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The Edwardsville Spectator [LCCN sn 82015374] was a weekly antislavery newspaper that ran from 1819-1826 in recently-incorporated Edwardsville, Illinois. Founded a year after Illinois was admitted to the United States, it was created by George Churchill and Hooper Warren, veteran printers who had previously worked together at the Missouri Gazette [probably LCCN sn 84020216]. Senator—and later, governor—Ninian Edwards invited them to Edwardsville to start a periodical, financed by him, that would serve Edwards's agenda. Churchill only stayed on for a year, but Warren continued to print the paper and authored editorials in almost every issue. The Spectator found its purpose in battling pro-slavery politics; especially the Missouri Compromise in 1820, and the 1824 convention to amend the state's constitution. Despite having illegally enslaved people until at least 1815, Edwards surprisingly did not object to this focus, and even wrote letters and editorials for the paper. His support was possibly because the Spectator was anti-slavery, as opposed to actively abolitionist: it lobbied against the further expansion of slavery, but still ran advertisements selling enslaved people and promising rewards for the capture of fugitives. The political turmoil surrounding the question of slavery in Illinois and Warren's passionate editorials against it helped make the Spectator the most widely read paper in the state, but also earned it powerful enemies. Senator Theophilus Smith, who established the pro-slavery Illinois Republican [LCCN sn 84038430] in 1823 to oppose the Spectator and frequently traded barbed editorials with it, once entered the paper's offices and attempted to assault Warren with a whip and knife before being driven out.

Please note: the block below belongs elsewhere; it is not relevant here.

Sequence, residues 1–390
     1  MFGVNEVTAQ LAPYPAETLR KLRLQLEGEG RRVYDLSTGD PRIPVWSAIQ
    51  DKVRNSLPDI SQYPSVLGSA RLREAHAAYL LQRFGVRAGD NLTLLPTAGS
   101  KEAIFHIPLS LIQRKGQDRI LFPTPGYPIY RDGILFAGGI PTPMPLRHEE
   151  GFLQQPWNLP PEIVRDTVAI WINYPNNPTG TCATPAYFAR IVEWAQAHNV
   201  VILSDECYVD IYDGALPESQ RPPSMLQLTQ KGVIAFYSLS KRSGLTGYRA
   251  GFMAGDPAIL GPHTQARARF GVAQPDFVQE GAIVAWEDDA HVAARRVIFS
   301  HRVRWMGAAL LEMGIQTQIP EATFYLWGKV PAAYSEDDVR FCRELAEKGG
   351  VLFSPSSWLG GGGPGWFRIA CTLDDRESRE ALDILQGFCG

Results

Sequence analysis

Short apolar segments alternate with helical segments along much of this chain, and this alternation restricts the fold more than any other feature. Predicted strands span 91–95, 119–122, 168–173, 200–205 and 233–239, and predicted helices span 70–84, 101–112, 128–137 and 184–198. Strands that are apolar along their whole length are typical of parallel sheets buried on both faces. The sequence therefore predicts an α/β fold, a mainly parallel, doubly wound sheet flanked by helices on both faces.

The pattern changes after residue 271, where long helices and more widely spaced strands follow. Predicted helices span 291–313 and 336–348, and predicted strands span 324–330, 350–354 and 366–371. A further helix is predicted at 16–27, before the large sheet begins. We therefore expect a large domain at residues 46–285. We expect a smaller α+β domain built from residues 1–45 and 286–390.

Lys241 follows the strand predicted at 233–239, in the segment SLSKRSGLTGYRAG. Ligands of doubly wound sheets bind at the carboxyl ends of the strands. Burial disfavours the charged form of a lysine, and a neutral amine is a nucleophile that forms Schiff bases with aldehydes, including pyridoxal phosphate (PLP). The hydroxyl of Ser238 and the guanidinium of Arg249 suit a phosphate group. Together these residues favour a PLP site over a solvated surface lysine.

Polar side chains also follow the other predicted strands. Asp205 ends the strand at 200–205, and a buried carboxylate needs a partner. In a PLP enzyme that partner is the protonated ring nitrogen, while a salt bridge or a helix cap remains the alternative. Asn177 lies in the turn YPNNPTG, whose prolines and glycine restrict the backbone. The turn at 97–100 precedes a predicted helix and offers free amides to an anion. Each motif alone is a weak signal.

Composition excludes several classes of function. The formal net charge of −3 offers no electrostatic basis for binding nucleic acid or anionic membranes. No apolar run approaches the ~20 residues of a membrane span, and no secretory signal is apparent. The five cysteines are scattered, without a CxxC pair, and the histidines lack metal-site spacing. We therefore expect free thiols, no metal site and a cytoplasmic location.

The Spectator lost most of its momentum after 1824, when Illinois voters rejected a constitutional convention that might legalize slavery in the state. In 1825 Warren sold the paper to Thomas Lippincott and Jeremiah Abbot, purchased half of the National Crisis [LCCN sn 83045063], and in November moved to Cincinnati to work on it. Alas, the Spectator lasted only another year, as delinquent subscribers meant the paper quickly ran out of money, and announced it was going on hiatus in October 1826. Warren returned to Illinois shortly thereafter, and at Governor Edwards's urging, moved the press and equipment to Springfield to found the Sangamo Spectator [LCCN sn 82015864] in 1827. That quickly folded, and Warren moved to the mining town of Galena, IL in 1829 to edit the Galena Advertiser [LCCN sn 82015362], which lasted less than a year. After a dark winter (and many despondent letters to Edwards) Warren accepted a clerkship in Putnam County in 1831, and resolved never to make a living by printing again. He stayed true to his word, but the press called him back. Around 1840 he came out of retirement to edit the state's first explicitly abolitionist title, the Genius of Liberty [LCCN sn 92053389]; its successor, the Western Citizen [LCCN sn 82015542]; and the Commercial Advertiser [probably LCCN sn 84020431]. At the end of his long career, Warren had worked on nine papers across six Illinois counties, most of them working to abolish slavery. He died in Henry county in 1864, less than a year out from the end of the Civil War.